The Gist of It

A person is built over time. The building blocks start with our hard wiring or DNA, progress to the parenting we received and then to wider sphere influences like teachers and peers. In theory, if we get everything we need we learn to feel good about ourselves and to trust others. We have balance, we feel satisfied and peaceful. We sometimes call this happiness.

Whether you have an easy start in life or a challenging start is not always predictive of the course your life will take. Everyone is different. In many respects human beings are amazingly resilient and adaptive. We do our best to cope with all measure of loss, stress, challenges, conflict and things that linger from our past. Sometimes, however, the pressure is too great.

Signs your relationship is under pressure can include, constant arguing that never solves anything, not talking at all, not feeling heard or cared for, distance and cheating. Signs that you are under pressure include moodiness, trouble sleeping, eating too much or too little, withdrawing from people or activities that you once enjoyed, being angry or irritable, anxiety and addictions. Common addictions include, a regular ongoing relationship with alcohol, drug abuse, internet addiction and spending.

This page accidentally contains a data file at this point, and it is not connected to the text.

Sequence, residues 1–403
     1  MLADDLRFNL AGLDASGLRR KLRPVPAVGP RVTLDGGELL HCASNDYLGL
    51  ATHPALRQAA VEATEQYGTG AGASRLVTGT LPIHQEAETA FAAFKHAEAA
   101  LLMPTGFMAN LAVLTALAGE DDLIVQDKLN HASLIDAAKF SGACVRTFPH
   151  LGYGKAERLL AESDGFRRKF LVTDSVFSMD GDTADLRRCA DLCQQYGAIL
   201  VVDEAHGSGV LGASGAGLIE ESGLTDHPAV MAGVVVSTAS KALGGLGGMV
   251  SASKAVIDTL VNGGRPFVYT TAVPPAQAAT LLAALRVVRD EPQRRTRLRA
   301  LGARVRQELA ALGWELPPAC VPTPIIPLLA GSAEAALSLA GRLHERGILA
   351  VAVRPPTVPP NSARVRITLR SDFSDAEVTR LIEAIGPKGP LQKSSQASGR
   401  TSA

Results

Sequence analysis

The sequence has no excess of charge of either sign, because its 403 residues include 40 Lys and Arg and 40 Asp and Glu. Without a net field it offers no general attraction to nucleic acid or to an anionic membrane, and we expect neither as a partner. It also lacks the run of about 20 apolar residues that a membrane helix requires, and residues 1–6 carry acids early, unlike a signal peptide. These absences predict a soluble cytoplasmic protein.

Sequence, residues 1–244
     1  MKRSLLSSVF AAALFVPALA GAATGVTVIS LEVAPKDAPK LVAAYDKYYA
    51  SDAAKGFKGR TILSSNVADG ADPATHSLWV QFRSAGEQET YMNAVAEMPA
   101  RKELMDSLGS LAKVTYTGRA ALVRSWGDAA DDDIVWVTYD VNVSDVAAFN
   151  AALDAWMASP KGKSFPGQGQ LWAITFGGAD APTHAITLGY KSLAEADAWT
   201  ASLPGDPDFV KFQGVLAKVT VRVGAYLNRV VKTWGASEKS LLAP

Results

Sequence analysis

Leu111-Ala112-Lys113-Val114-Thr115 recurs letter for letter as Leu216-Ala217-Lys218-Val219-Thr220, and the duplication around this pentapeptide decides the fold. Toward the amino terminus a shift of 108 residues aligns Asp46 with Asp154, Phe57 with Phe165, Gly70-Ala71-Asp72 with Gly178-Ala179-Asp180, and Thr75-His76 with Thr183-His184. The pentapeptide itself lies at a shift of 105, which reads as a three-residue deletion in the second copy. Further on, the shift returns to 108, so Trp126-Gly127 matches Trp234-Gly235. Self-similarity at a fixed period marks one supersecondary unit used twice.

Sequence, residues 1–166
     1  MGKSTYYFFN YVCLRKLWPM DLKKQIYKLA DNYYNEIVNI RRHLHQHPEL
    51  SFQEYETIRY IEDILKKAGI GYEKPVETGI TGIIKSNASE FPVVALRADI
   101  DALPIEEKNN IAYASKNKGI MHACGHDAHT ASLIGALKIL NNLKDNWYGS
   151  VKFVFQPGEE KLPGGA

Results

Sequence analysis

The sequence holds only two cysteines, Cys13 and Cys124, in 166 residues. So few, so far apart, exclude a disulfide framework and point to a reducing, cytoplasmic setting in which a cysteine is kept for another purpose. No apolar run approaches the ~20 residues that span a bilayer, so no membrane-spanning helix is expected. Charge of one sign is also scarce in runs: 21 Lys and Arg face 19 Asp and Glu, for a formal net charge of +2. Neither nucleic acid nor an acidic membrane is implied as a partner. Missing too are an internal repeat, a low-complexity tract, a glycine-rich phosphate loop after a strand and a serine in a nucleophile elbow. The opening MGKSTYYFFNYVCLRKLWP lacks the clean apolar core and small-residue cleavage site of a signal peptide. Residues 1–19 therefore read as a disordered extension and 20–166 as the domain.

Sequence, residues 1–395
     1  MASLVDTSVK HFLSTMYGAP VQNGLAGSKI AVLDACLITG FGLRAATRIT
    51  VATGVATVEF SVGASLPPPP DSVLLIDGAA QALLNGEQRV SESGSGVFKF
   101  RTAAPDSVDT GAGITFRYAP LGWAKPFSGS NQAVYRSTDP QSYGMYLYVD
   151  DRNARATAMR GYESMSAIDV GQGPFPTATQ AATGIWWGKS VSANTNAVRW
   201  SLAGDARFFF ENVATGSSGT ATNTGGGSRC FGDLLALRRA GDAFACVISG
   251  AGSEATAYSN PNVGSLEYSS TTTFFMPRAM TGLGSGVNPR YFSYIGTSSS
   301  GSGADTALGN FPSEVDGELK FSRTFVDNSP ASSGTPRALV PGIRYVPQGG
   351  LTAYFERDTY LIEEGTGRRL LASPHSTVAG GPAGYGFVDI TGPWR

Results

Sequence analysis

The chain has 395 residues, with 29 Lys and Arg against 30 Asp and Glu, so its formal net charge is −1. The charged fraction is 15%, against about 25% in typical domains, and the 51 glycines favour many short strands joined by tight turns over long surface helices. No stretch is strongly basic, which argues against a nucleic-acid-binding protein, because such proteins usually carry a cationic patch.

How Can a Counselor Help?

The big picture of anyone’s life is very complex and we all lack the ability to be totally objective about ourselves. You may have an idea of what is troubling you or your relationship that may, or may not be completely accurate. Counselors are trained to listen to your story, and your goals and to partner with you toward change. Couple counselors, especially, are required to assess how each partner impacts the health of the relationship and how to use the relationship for the benefit of both. The essence or purpose of any relationship is to be mutually gratifying so that both partners feel validated and nurtured by the other.

My Credentials, Experience and Perspective

I am a Licensed Clinical Social Worker. I received my Master’s Degree at Boston University and my field training at a Harvard University teaching hospital. I began my career in public service with families, progressed through United Way subsidized clinics and then to private practice. In private practice I began specializing in couple’s therapy.

I am very passionate about helping people with their relationships especially when there are young children involved. I also firmly believe that succeeding in partnership helps people grow and get stronger. Sadly, there are circumstances when two people are simply not good for one another. I have helped many couples come to mature and peaceful dissolution of their relationships. Using a counselor in this way minimizes the toxic and destructive aspects of breaking up and makes for a stronger co-parenting unit going forward.

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